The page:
for the Weekly Standard:
When the sociologist Timothy Nelson asked low-income men who didn’t live with their children what the ideal father was like, eight of them spontaneously mentioned the same man: Ward Cleaver, the dad from Leave It to Beaver. That might make sense if Nelson’s interviews had taken place in the 1950s-60s, when the show aired; but these men were interviewed in the late 2000s. Why did they hark back to a man old enough to be their own grandfather?
Maybe it is because the 1950s were the time when the Ward-and-June family model was most available to working-class men and women. In Labor’s Love Lost,Andrew J. Cherlin, professor of sociology at Johns Hopkins, labels the period from the end of World War II to the 1970s as “the peak years” for the working-class family. During these years, income inequality was low and the “marriage gap”—the difference between marriage rates for working-class and upper- or middle-class adults—was narrow.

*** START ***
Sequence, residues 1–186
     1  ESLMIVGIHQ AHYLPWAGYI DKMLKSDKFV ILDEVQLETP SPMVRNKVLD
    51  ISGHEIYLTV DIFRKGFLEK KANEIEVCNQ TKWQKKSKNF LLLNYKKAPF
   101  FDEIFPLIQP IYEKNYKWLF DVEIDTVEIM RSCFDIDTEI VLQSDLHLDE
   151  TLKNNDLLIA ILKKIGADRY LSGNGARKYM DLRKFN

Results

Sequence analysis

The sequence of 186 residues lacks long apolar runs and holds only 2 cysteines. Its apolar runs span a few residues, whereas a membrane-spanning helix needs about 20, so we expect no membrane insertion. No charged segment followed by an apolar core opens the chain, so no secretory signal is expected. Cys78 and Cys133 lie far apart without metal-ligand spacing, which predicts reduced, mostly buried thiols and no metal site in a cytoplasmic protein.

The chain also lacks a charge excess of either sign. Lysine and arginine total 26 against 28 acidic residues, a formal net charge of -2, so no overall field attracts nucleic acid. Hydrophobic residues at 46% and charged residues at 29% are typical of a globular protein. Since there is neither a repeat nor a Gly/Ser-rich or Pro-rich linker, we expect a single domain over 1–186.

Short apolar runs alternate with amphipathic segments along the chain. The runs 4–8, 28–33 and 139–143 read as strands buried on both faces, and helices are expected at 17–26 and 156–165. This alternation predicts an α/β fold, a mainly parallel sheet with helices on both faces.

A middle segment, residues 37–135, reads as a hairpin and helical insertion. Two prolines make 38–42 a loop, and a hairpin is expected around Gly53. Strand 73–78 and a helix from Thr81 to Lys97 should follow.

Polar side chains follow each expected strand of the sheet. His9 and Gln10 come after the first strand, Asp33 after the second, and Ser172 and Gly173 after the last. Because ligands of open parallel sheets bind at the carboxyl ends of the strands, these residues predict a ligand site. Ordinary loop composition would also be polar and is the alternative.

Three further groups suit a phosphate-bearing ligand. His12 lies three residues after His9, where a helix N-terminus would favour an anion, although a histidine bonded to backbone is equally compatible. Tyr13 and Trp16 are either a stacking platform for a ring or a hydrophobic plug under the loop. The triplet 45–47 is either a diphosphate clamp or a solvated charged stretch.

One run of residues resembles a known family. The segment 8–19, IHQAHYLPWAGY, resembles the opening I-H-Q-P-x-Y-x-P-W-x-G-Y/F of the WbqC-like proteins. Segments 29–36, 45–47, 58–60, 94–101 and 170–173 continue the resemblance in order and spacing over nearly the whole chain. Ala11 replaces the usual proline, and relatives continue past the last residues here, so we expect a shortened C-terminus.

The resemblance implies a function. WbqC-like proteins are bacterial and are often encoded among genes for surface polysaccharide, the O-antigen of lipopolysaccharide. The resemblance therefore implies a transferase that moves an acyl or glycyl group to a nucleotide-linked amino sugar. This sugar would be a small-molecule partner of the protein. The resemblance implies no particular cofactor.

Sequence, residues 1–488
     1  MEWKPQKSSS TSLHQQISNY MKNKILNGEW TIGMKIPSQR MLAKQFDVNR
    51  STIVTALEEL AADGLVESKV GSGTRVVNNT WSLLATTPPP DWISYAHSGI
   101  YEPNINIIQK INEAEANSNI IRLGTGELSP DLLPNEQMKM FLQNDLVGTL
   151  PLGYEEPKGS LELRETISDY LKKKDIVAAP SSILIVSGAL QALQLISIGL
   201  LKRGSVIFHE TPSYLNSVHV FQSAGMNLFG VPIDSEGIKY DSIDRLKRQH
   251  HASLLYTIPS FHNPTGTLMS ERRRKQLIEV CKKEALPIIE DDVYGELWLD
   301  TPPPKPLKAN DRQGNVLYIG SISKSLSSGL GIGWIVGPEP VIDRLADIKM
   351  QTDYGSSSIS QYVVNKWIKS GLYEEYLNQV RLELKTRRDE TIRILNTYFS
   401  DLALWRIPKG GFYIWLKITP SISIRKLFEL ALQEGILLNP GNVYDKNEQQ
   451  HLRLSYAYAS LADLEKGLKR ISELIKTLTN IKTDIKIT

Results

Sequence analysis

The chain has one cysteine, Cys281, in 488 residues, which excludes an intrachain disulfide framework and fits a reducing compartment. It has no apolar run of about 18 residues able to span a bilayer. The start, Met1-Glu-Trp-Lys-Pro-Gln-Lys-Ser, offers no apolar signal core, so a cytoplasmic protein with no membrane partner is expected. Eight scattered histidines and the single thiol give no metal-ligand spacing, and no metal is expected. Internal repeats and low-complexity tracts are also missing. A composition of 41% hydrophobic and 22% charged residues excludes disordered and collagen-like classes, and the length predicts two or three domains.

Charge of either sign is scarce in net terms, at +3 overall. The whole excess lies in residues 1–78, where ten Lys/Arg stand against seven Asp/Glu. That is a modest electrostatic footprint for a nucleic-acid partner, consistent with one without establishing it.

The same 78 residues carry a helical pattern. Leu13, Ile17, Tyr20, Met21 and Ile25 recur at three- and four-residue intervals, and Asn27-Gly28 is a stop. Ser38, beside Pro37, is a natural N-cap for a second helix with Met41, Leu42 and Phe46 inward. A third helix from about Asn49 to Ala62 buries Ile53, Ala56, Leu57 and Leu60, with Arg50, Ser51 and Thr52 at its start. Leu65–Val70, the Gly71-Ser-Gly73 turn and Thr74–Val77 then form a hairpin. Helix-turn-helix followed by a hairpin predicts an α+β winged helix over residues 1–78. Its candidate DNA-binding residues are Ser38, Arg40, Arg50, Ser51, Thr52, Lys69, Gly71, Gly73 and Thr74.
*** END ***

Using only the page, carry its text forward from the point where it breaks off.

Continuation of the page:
Today, the marriage gap is wider than it’s ever been. “It is now unusual for non–college–graduates to have all of their children within marriage,” Cherlin notes. Rich people still live like the Cleavers, in homes anchored in the institution of marriage, but low-income families are built around the much shakier quasi-institutions of cohabitation and single parenting. And middle-class families are starting to look more like the poor than the rich.
Cherlin uses a striking metaphor: casualization. This term describes the shift to temporary, often contractless or off-the-books labor, “stop-gap jobs” rather than “career jobs.” Cherlin argues that the working-class family has also been casualized.